A CNBC reporter since 1990, Bob Pisani has covered Wall Street and the stock market for nearly 20 years. Pisani covered the real estate market for CNBC from 1990-1995, then moved on to cover corporate management issues before becoming Stocks Correspondent in 1997.
In addition to covering the global stock market, he also covers initial public offerings (IPOs), exchange-traded funds (ETFs) and financial market structure for CNBC.
In 2013, he won Third Place in the National Headliner Awards in the Business and Consumer Reporting category for his documentary on the diamond business, "The Diamond Rush."
In 2014, Pisani was honored with a Recognition Award from the Market Technicians Association for "steadfast efforts to integrate technical analysis into financial decision making, journalism and reporting."
Prior to joining CNBC, Pisani co-authored "Investing in Land: How to Be a Successful Developer." He and his father taught a course in real estate development at the Wharton School of Business at the University of Pennsylvania from 1987-1992. Pisani learned the real estate business from his father, Ralph Pisani, a retired real estate developer.
Follow Bob Pisani on Twitter @BobPisani.
The markets midday drop: the fading of hope. After the ECB's Mario Draghi squelched talk of an expanded bond buying program, traders have now turned their attention to the EU Summit meeting. Here's the problem: many feel they know what is going to happen, and it still doesn't go far enough.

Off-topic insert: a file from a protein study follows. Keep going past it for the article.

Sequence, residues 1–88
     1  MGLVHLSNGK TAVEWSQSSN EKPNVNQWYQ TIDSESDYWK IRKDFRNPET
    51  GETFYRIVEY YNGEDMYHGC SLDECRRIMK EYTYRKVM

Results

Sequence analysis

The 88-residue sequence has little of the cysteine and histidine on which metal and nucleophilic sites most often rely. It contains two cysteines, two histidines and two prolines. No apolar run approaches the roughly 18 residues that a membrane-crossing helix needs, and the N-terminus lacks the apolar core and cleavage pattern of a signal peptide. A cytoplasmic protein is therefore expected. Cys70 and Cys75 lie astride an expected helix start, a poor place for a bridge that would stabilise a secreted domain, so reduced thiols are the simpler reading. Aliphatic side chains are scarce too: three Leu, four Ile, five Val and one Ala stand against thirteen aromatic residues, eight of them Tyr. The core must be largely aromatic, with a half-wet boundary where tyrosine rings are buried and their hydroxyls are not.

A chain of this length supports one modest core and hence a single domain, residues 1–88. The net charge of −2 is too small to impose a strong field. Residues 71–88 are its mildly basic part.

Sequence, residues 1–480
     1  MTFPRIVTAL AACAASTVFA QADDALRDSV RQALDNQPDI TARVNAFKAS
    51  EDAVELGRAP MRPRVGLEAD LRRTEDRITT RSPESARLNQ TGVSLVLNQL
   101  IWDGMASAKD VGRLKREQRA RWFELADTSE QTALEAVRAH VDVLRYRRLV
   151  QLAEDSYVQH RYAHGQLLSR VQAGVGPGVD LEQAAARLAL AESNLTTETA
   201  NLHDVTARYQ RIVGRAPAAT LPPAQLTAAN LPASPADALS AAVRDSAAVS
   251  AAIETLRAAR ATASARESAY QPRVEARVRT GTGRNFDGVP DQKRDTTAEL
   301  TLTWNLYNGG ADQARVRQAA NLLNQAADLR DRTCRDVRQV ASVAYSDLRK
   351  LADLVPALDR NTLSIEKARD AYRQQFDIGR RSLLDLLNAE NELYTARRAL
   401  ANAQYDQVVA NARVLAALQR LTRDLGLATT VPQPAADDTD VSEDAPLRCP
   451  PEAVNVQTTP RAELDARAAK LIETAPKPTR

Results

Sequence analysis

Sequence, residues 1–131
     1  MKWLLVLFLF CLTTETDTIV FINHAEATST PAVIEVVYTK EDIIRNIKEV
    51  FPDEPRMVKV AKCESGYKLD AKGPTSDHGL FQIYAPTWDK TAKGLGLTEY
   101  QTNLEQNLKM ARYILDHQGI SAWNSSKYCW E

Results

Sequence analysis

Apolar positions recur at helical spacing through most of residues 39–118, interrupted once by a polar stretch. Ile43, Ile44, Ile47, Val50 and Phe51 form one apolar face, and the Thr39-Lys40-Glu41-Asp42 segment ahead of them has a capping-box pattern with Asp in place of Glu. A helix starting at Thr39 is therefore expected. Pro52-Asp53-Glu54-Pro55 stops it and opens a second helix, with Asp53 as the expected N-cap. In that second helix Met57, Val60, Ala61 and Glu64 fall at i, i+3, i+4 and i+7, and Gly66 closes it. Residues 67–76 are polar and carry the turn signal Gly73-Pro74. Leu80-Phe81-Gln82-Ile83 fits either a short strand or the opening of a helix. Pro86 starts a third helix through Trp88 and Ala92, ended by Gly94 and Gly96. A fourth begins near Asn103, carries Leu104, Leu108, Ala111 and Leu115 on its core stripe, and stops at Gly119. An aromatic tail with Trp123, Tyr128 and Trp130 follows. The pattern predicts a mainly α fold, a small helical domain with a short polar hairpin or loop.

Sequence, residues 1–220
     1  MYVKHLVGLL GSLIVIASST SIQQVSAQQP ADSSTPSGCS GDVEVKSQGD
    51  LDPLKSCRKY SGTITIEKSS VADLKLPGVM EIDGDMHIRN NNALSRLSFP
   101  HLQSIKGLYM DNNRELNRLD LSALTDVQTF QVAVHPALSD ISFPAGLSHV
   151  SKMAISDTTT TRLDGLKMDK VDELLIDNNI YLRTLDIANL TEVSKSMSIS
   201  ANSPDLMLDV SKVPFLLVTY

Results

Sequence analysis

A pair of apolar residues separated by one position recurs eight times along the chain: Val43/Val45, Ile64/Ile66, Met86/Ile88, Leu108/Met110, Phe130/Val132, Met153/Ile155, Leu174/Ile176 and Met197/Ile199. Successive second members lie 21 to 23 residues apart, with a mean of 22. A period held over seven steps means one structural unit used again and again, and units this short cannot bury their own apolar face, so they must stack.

Draghi's ECB moves markets up, then down. S&P futures initially moved up, then down, as ECB head Mario Draghi said he was "surprised" by the reaction to his now-famous comment that "other elements might follow" if there was a new fiscal treaty. He said this was not necessarily a signal that he would be initiating more bond purchases.
Traders scratching their heads over the late day story from the Nikkei news agency asserting that the Group of 20 nations is considering putting together a $600 billion lending facility at the IMF for the euro zone — a story denied by the IMF, according to our Steve Liesman.
There are early reports that the ECB may loosen collateral requirements for loans. Remember, the ECB provides loans to sovereign countries. They give out money and take collateral (sovereign bonds) in return. But there has been continuing pressure on the credit of sovereign countries.
AMR is in the Russell 1000, a basket of the 1,000 largest stocks in the U.S. All the stocks in the Russell 1000 are governed by one single stock trading rule.
Another nightmare: Standard & Poor's says the European Financial Stability Facility rating may be cut, placing long-term rating on negative watch.
U.S. futures were little changed after nonfarm payrolls were about in line with expectations at 123,000, but the headline unemployment rate of 8.6 percent, well below expectations of 9 percent, and October nonfarm payrolls were revised upward.
Now that earnings season is here, are third-quarter revenue estimates too high?
We could finally be seeing the tide turn in earnings as S&P 500 estimates have turned positive.
The Norwegian government is considering taking a bigger bet on stocks, which could be a big deal.
Banks have kicked off earnings season with a bang, but why did the initial pop lose steam?
Still, hedge funds manage a record of nearly $3 trillion, according to industry tracker HFR.
All the chips are falling in place for a Qualcomm and NXP Semiconductors deal to be finalized as early as next week, according to Bloomberg.
Shares of Deutsche Bank hit levels from before the news of the DOJ's demand for a $14 billion settlement.